Champaign Central Chronicle

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Champaign Central Chronicle

Champaign Central Chronicle

Unveiling the Controversy: The Impact of 5-Star

One of many QR codes students use to access a pass to the bathroom at Centra High School
One of many QR codes students use to access a pass to the bathroom at Centra High School

Here at Champaign Central High School, students, staff, and parents are experiencing something new. On January 17, a new system called 5-Star was put into place. Administrators made the decision to implement the new app in order to track student attendance and solve the problem of students in the hall during class time.

Just like many apps we use today, the issue of privacy is always a concern, and privacy is not about hiding something. It’s about protecting everything that matters. This is one of the reasons I’m against the new system implemented at Central. Out of all the things I bring to school, my phone is one of the most personal, and I try to keep it that way. I try to keep my home life on my phone and anything school-related on the school-issued Chromebooks. My first thought when I heard about 5-Star was about my privacy. One of my biggest fears is not knowing what the school has access to on my phone. 

I don’t believe that this app will be convenient at all. It has been in place since the 17th of January, and from the looks of it, it’s slowing us down. It takes longer to log into everything just to get a student to the bathroom than it did before. What was once as simple as giving a laminated pass to a student has turned into a complicated system of logging in, searching, and tapping. Getting into the building takes longer because more often than not, we have to go back to be scanned twice. 

And it’s not just me who thinks 5-Star is a waste of time. A teacher who has requested anonymity, thinks the same of this new system. When asked if the app would make their job harder, they said, “I personally feel that having this app open 24/7 makes me spend more time looking at the computer instead of conducting my class.” 

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The 5-Star app as it appears on cell phones as students download it.


This teacher also believes being on the computer and away from teaching their class can be detrimental for both students and them as a teacher. For students, it may red

uce the opportunity for direct interaction and personalized one-on-one time with the teacher, throwing off their ability to effectively ask questions and receive immediate feedback. Knowing the teacher must stay up front to monitor the computer, students decrease their engagement in class.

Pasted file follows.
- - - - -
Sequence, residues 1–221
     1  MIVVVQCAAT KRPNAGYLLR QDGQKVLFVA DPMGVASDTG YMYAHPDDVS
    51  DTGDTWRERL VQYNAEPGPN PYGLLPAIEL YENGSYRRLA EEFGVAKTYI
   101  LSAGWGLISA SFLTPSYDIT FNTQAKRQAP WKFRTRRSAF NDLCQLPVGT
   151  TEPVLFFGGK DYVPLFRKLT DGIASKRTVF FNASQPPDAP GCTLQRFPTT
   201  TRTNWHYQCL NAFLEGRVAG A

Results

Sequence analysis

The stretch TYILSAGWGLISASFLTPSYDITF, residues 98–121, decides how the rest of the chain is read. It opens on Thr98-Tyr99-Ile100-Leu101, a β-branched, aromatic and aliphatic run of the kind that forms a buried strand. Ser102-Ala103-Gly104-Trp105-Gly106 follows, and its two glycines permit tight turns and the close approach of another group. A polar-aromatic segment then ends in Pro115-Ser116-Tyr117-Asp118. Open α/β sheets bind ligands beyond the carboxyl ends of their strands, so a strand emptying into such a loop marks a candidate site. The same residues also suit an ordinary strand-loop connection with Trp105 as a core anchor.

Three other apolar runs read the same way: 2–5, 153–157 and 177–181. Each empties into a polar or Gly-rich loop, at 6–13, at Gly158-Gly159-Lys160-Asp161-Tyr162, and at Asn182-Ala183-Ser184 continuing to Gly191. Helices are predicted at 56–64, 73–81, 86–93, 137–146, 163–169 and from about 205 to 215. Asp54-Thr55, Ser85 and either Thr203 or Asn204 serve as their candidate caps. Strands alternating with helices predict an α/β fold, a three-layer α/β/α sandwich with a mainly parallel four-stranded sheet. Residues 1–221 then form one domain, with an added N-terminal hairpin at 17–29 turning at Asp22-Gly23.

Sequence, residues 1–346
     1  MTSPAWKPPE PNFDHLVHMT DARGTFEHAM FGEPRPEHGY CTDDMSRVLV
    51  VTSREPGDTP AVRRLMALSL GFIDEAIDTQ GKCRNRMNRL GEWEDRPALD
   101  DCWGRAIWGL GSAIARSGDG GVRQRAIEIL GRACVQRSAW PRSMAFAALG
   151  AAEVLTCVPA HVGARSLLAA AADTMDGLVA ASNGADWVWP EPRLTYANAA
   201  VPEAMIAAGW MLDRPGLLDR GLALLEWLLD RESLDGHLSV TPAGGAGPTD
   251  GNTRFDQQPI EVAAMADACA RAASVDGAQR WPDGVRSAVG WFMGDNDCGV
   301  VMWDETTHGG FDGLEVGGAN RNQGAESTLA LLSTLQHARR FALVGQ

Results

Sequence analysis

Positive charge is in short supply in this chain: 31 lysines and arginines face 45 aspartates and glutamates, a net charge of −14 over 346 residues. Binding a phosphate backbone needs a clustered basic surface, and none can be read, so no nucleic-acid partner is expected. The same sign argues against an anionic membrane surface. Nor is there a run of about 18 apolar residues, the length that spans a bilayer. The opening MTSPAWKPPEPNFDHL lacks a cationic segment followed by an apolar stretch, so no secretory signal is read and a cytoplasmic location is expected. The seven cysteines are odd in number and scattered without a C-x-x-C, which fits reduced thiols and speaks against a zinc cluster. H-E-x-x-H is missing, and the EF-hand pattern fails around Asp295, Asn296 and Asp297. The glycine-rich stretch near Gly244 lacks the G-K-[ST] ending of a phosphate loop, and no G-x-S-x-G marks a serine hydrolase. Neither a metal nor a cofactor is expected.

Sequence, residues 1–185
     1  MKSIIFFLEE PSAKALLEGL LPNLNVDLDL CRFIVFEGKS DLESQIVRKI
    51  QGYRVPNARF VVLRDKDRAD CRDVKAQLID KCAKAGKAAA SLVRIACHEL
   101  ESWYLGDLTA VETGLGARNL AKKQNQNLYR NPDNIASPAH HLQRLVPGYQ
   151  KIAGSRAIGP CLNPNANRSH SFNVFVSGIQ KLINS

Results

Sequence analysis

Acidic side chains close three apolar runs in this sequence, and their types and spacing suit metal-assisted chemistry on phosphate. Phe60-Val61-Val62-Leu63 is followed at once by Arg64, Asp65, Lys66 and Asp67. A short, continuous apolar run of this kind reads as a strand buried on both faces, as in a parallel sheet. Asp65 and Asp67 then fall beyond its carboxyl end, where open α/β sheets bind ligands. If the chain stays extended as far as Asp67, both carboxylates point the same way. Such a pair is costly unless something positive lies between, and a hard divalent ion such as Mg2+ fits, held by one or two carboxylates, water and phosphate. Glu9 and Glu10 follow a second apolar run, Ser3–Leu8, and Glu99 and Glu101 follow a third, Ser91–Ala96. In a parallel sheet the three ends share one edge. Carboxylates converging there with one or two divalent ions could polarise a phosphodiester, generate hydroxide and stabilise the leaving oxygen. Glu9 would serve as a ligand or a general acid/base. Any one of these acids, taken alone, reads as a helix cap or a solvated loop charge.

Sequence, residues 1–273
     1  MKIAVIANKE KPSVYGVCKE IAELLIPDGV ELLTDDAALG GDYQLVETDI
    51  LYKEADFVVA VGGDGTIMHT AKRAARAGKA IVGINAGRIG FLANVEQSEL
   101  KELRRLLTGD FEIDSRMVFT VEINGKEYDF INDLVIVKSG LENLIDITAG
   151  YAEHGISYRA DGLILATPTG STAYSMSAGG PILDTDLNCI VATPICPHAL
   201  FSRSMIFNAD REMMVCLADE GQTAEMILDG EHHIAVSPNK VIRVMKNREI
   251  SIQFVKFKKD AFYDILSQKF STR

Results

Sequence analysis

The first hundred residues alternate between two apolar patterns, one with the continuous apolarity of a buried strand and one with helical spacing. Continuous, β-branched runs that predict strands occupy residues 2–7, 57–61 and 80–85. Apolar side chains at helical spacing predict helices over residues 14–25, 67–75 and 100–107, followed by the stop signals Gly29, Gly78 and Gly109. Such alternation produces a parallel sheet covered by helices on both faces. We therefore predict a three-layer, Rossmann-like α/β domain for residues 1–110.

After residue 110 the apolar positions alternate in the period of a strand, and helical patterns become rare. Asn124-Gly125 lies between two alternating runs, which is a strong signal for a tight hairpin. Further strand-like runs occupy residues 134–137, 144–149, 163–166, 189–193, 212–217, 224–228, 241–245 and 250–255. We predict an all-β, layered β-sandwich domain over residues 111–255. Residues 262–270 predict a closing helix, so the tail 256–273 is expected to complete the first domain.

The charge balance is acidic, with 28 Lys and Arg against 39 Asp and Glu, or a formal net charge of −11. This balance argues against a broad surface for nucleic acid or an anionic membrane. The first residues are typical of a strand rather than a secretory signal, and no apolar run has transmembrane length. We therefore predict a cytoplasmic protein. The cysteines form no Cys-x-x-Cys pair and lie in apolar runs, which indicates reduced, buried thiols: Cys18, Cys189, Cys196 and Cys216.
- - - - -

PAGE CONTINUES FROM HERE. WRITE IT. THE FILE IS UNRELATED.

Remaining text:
For teachers, being away from their students to monitor this new system affects their ability to effectively monitor and manage the learning environment, as well as establish a strong rapport with their students.

For this teacher, their initial view of the app wasn’t favorable, and after it was experimented with, their opinion almost worsened. When asked about it, they responded with, “It is not efficient. I get that this provides more data to the school and it helps keep track of where students are and when during the day but it’s more steps and extra work for the teachers. My time is being taken away from being an actual teacher.”

Of course, opinions aren’t just limited to just the negative ones. Students have many opinions about the app and some of them are both for it and against it, including students like Loreal Allen, a senior here at Central who has mixed feelings on the efficiency this app will provide. 

When asked about her view on the app, she said, “Currently, I think that the 5-Star program as a whole is not efficient because our teachers and students don’t know how to work it and neither do our students…I think once we get into the flow of using it more often it’ll become easier.” 

Many students think like Allen. There is room for improvement but overall, this app could have the potential to be good for students and staff. If the process is learned 

it becomes easier and that is what we want for both our students and teachers. We want their jobs to be easy, but what about privacy? Allen says, “I don’t think you need to use your phone for school related things because we’re given a Chromebook and we have our ID’s to scan in instead of 5-Star.” 

Downloading the app is a choice and it’s become very clear that many will not download it. Some students like Allen have accepted the reality that this is in place and it’s here to stay for a while and it’s our choice as students to participate in it. 

Parents aren’t as involved with the app as students and teachers, but their opinions matter just as much. To parents, it seems like 5-Star is just another app. Jon Dillow, a parent to two Central seniors, initially believed 5-Star was a texting app but after an explanation stated, “It doesn’t cause me any concerns as a parent unless they’re using it to track students without their permission.” 

In the end, again, this is optional to students. They can choose to download it or not but teachers have no choice but to follow this new protocol. One thing that everyone must think about is how long will 5 Star survive at Central and will it really solve the problems that it was implemented for?  

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